Canadian philosopher Charles Taylor wins first-ever Berggruen Prize


MONTREAL – Prominent Canadian philosopher Charles Taylor has been named the first-ever recipient of the Berggruen Prize.

The accolade, announced late Tuesday, will see Taylor receive a US$1-million award from the Berggruen Institute, a California-based non-partisan think-tank founded in 2010.

The institute said in a statement Taylor, 84, is the first recipient of the award, which will be handed out annually to a thinker “whose ideas are of broad significance for shaping human self-understanding and the advancement of humanity.”

Taylor, a McGill University professor, is a leading voice for Canadian unity and the preservation of Quebec’s distinct identity.

He is also a household name in the province for having co-chaired with Gerard Bouchard the Bouchard-Taylor commission, which looked at the “reasonable accommodation” of religious minorities.

The institute says its mission is to “to develop foundational ideas” and use them to help shape political and social institutions in the 21st century.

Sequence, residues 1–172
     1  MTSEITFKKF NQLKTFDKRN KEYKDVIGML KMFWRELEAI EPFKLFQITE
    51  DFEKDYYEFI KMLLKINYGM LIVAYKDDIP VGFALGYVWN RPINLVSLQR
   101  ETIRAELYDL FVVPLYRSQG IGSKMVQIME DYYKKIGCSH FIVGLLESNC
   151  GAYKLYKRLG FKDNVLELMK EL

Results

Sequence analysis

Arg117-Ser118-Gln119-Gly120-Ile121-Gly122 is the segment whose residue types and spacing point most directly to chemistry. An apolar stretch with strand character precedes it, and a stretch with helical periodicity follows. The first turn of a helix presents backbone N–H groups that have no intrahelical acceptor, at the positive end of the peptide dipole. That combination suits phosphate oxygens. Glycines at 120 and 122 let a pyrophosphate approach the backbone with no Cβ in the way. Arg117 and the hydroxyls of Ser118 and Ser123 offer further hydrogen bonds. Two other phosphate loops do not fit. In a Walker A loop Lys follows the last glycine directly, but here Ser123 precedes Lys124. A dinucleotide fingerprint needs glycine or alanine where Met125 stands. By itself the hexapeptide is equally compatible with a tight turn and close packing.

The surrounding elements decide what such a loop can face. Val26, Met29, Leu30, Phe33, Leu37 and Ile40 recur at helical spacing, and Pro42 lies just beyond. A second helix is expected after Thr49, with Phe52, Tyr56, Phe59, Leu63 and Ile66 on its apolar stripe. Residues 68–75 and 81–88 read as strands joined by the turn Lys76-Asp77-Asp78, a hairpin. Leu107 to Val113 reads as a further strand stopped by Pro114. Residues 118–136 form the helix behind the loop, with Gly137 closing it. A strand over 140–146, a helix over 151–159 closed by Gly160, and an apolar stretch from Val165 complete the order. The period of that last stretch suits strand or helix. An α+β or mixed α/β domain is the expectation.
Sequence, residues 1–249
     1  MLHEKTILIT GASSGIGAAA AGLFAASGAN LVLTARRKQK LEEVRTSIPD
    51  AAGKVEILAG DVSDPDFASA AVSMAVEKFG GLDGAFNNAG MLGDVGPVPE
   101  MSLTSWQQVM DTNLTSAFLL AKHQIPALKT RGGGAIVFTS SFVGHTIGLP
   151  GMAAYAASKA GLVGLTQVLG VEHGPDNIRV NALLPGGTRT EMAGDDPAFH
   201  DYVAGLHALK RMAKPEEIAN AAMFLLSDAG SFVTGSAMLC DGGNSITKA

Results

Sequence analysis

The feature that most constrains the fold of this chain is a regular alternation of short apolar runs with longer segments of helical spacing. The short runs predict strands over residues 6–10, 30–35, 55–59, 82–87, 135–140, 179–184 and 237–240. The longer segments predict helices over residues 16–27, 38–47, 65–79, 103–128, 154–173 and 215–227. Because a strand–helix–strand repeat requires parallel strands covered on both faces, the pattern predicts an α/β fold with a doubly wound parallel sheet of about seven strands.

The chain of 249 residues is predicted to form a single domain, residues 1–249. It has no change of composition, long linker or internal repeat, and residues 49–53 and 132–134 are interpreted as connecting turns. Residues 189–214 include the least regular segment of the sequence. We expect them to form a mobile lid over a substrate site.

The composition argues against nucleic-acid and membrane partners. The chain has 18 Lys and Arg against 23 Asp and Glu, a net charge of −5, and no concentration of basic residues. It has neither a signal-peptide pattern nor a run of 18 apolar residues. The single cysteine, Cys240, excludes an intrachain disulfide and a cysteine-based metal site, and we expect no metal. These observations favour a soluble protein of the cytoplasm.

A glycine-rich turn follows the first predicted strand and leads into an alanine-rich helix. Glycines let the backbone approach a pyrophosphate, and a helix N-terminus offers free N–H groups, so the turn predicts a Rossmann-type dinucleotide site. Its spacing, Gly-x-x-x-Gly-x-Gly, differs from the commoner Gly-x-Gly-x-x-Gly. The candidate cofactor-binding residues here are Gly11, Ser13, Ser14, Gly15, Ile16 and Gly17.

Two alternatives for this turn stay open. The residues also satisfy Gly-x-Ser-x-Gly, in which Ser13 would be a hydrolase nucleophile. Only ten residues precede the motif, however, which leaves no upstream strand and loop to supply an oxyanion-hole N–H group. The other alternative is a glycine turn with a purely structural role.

Its founder paid tribute to Taylor, 84, who was chosen by an independent jury and was selected because of his contributions to various social sciences, public affairs and humanities

“Charles Taylor is a brilliantly appropriate recipient, because he has changed the way people all over the world think about some of the most basic questions in human life,” said philanthropist and investor Nicolas Berggruen, the institute’s chairman.

Taylor will receive the award in a ceremony to be held in New York City on Dec. 1.

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